General Advice

Setting Goals for the New Year












Welcoming a new year can be daunting for some of us. Most people at this time tend to feel gravitated towards setting goals to make the upcoming year their best one yet.


Not to sound pessimistic, but research from the University of Scranton in the US found that just 8% of people follow through with their new year’s resolutions.


So why do so many of us fail?

Many of us make the mistake of setting too many large and unspecific goals, which often generates short-lasting motivation towards achieving them.

For example, an entrepreneur makes a new goal to ‘build a million-dollar business.’

Designing the systems required to get to this end goal may be more effective in the long term by making the goal seem more attainable and realistic.


Ask yourself: would you still succeed if you ignored your big goals, and focussed only on your systems? The answer is yes.


Our small daily habits accumulate over time and bring us closer towards achieving our larger goals and aspirations. Shifting your focus on generating consistency in your everyday routines generates success in the long term.

One way to break down your larger goals for the year is to use the SMART goal approach. Structuring your goals using this acronym eliminates generalities, sets a clear timeline of achievement and allows you to track your progress.



So what does SMART stand for? Specific, Measurable, Achievable, Relevant, and Time-bound.

Let’s use an example:

S: Specific.

  • What needs to be accomplished?
  • Who is responsible?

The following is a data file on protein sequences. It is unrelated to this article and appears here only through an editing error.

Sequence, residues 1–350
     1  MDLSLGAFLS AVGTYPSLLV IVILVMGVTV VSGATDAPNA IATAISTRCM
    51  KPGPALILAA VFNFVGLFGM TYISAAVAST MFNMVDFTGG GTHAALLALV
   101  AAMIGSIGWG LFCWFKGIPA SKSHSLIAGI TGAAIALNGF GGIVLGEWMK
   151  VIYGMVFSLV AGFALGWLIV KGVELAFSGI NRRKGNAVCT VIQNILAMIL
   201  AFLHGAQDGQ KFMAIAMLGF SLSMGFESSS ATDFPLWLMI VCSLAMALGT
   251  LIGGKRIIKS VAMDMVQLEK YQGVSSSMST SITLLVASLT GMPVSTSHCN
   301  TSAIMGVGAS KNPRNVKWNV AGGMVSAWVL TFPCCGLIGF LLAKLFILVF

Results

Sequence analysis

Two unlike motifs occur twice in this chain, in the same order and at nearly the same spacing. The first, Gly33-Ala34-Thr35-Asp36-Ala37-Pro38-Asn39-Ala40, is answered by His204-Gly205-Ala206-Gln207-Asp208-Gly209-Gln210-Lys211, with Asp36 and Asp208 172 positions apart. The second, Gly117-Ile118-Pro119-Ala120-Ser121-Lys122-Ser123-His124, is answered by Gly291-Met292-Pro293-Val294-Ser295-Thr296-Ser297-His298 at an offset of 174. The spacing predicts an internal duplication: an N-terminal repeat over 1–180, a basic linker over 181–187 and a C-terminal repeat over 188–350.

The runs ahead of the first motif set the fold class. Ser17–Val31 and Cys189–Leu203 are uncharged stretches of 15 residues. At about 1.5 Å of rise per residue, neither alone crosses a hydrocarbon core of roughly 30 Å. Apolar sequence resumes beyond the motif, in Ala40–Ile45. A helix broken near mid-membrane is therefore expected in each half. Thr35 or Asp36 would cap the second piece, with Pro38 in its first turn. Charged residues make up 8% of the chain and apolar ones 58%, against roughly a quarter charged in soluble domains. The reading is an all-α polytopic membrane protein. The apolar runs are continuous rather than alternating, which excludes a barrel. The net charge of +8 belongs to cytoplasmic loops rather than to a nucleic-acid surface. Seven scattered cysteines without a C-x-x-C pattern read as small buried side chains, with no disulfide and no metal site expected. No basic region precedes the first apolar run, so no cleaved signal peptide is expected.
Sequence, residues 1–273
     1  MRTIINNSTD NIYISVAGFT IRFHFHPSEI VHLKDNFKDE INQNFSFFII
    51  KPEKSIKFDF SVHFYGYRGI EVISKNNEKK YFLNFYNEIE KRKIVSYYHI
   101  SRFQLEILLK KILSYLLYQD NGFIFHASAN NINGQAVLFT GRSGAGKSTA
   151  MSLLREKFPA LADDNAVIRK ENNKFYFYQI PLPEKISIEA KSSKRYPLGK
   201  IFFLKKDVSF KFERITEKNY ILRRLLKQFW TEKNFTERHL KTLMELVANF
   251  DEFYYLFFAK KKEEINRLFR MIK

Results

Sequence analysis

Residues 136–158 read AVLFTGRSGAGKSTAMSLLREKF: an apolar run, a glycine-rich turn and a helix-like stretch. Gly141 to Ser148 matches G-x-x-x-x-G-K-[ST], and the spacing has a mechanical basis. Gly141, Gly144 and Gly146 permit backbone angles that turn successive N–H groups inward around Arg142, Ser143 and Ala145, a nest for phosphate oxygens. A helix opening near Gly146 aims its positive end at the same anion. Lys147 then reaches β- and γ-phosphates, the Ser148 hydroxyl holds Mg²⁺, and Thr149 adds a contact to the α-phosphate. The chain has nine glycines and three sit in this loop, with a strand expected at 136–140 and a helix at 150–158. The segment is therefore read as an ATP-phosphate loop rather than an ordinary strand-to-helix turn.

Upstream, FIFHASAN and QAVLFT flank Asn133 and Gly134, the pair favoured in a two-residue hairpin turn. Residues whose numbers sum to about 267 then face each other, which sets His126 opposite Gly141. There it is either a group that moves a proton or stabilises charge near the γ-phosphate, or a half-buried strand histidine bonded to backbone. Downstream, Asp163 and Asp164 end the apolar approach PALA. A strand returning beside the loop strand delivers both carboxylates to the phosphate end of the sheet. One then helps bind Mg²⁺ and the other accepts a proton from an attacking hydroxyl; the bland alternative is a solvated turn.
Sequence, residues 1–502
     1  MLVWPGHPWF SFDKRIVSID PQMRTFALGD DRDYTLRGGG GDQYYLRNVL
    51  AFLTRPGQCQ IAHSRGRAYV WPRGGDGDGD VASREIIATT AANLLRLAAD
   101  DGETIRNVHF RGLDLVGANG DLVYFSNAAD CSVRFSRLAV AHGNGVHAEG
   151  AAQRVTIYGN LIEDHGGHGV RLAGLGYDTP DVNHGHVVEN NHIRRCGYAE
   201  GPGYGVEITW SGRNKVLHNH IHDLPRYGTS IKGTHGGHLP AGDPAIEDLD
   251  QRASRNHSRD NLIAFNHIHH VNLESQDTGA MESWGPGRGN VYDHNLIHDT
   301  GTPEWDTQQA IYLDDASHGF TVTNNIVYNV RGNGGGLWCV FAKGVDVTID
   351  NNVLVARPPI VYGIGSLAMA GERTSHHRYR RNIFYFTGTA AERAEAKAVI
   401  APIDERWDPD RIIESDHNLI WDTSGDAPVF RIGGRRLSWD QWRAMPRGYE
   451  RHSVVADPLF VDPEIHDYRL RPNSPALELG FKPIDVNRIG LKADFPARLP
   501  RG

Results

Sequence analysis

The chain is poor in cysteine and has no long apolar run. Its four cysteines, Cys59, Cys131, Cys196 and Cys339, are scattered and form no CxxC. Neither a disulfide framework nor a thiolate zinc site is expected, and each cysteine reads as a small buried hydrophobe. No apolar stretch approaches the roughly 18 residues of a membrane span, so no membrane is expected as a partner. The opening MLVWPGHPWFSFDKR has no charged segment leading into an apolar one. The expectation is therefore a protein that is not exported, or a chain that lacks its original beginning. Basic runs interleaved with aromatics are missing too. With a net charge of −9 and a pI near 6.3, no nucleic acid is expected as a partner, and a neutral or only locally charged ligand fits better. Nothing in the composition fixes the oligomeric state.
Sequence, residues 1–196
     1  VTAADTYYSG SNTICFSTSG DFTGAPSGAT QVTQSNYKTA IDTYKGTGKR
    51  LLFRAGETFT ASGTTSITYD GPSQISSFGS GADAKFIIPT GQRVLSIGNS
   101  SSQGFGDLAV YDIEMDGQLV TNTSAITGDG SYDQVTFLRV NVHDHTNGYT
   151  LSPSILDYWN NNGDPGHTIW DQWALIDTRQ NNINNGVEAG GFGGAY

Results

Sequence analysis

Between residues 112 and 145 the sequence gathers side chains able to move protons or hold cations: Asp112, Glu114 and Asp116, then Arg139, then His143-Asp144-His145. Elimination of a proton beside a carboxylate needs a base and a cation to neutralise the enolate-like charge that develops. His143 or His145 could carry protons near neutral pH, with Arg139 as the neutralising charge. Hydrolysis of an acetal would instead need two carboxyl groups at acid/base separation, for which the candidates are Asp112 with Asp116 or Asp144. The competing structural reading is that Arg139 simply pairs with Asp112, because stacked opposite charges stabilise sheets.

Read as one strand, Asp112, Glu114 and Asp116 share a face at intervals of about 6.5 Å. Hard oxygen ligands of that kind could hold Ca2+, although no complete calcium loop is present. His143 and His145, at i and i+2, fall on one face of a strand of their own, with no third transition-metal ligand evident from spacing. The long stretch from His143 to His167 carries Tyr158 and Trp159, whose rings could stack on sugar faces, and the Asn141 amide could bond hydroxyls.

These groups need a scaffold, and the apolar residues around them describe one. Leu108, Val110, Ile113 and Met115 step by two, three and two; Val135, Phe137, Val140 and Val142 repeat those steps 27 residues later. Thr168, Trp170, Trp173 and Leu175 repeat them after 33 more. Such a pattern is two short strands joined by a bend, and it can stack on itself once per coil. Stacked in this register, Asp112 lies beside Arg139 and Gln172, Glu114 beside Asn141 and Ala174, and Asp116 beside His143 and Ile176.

• What steps are required to achieve it?

EG: Lose 10kg in 6 months by eating less takeaway in order to feel stronger, healthier and move better in 2023.


M: Measurable.

  • Your goal should include benchmarks to be able to track progress and know when you’ve achieved it.

EG: I will write a weekly meal plan every Sunday and meal prep my work lunches in advance. I will add my meals into my fitness pal every day as a way to track if I am hitting my macro targets, and also weigh myself once a week.


A: Achievable.

  • Ask yourself: is this goal realistic and something that I can reasonably accomplish? If not, it might be useful to scale back or tweak your goal accordingly.

EG: I aim to lose 1.6kg every month. This is achievable in losing 10kg by the end of 6 months.


R: Relevant

  • Are you focusing on something that makes sense with your broader goal? Eg: focusing on eating less takeaway foods and making more home-cooked meals.


T: Time-bound

  • If your goal lacks realistic timing, chances are that you’re not going to succeed. giving yourself a target date for certain achievements is important in order to create a sense of urgency.EG: I will lose x amount of weight every 2 months – this keeps you on track and breaks down the larger goal of losing a certain amount by the end of the 6 months.


You can use this framework for any goal you may have this year, whether they are related to life, work, relationships, or your health. So take some time to think about where you are and where you want to be, and write down your big goals for 2023. Break them down using the SMART acronym, share them with someone you trust and get the ball rolling.

Click this link goal tracker (1) to download a Goal Tracker template that we’ve created to help you track your progress.

Don’t forget to celebrate your wins!


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